Here I am writing to you today again in isolation. It’s going to be hard to not have every post start like this: a pining, a reaching out. Today I have felt less alone than others; my Italian Catholic family all got together over video chat for Good Friday to make our traditional cookies and it felt—in the hectic, overwhelming, icing-covered way—almost like we were all together. Almost. It felt nice, too, to start the day with the lovely domesticity of baking and cleaning and eating and sharing. It felt nice not to have to work, these days when writing, too (perhaps especially) feels like work. I felt those two worlds—the thinking, writing, working world and the making, touching, feeling, domestic world—were very separate.
And I have to catch myself, stop myself from reifying that divide, and to remember that the division between the active world of work and the passive world of domesticity is a clearly gendered divide. That divide has historically invalidated women’s work. Trust me, if you’ve ever been in a video chat with something like fifty (okay, fifteen) Italian and Irish Catholics all trying to figure out how to bake cookies and use filters … damn, that feels like work. But what does this have to do with poetry?
All of that was preamble to say that today I’m honouring my ride or die with this post. I’m writing a love letter to my first true poetry love, the incomparable Kate Siklosi.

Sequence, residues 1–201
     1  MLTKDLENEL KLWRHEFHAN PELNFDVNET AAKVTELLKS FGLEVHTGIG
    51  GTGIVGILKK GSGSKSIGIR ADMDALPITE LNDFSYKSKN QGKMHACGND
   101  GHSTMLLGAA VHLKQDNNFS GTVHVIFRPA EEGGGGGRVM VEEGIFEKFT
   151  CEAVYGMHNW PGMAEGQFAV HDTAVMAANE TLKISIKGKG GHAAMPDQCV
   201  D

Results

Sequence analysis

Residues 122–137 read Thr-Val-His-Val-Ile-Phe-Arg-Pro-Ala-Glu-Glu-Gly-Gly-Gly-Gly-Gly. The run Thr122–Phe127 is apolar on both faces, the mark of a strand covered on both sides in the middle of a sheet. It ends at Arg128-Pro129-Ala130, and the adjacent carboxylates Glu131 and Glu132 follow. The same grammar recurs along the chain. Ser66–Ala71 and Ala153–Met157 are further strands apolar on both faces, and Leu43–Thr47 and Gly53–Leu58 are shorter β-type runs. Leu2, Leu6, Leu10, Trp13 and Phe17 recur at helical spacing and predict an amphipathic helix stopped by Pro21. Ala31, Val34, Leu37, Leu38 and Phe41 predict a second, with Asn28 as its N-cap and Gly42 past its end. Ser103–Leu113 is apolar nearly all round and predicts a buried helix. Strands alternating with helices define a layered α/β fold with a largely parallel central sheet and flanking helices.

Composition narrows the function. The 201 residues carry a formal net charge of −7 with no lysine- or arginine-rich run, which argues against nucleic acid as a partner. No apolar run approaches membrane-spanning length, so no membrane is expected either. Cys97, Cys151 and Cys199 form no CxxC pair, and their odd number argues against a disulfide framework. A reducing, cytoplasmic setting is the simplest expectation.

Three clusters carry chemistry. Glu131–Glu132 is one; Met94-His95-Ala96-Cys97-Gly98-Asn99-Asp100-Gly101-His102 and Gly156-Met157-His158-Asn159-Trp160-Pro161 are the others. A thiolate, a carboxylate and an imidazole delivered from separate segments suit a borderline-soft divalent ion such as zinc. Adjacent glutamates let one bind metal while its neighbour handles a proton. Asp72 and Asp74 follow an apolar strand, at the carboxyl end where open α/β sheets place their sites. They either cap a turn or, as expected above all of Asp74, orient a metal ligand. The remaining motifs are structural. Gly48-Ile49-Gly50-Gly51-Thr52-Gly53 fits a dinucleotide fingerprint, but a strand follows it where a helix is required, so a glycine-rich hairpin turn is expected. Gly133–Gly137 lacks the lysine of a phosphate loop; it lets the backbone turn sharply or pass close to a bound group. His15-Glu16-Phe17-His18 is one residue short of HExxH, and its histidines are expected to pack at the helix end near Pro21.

Kate does a lot of things for my writing, publishing, and scholarly practice. It would be impossible to write about it all. She reminds me of the importance of fragility, of community, of citation as activist praxis, of the blind spots in my utopian egalitarianism, of how to listen for the voices that are getting left out of conversations, and, more importantly, that we must listen for those voices. But one of the most significant effects she’s had on my scholarship and my poetics is reminding me that the aesthetic and the praxis of things labelled domestic (or crafts, or housework, or frivolous, or cute) can and often do have the philosophical complexity of more serious artistic endeavours. And when we forget that, when we dismiss these practices as frivolous we continue the long history of silencing women’s voices, voice of colour, disabled voices, and working class voices. We dismiss that work as not rigorous, not serious, not thoughtful. And I truly believe that no work can be radical if it continues to silences those voices and those frivolous practices.
My nostalgic turn back to the typewriter in OO ran the risk of trending towards the same high conceptualism of the serious vanguard. It began that way, too. It started to trace a legacy of typewriter use in visual and concrete poetry that reveal a patrilineal tradition. As I write this, I look down at my arm where two typewriter pieces are tattooed onto my skin: bpNichol’s “Blues” and a typewritten score for John Cage’s “4:33.” They’re not the worst kind of father figures; they are politically sound and prioritize affect and are interested in queering and opening and expanding these artistic practices. But, they are daddies nonetheless. So, with Kate’s insistent voice in my head, I opened the project to craft, to affect, to frivolous teenage pink, and to the femme voice inside me (and inside my typewriters). And I let those bitches out.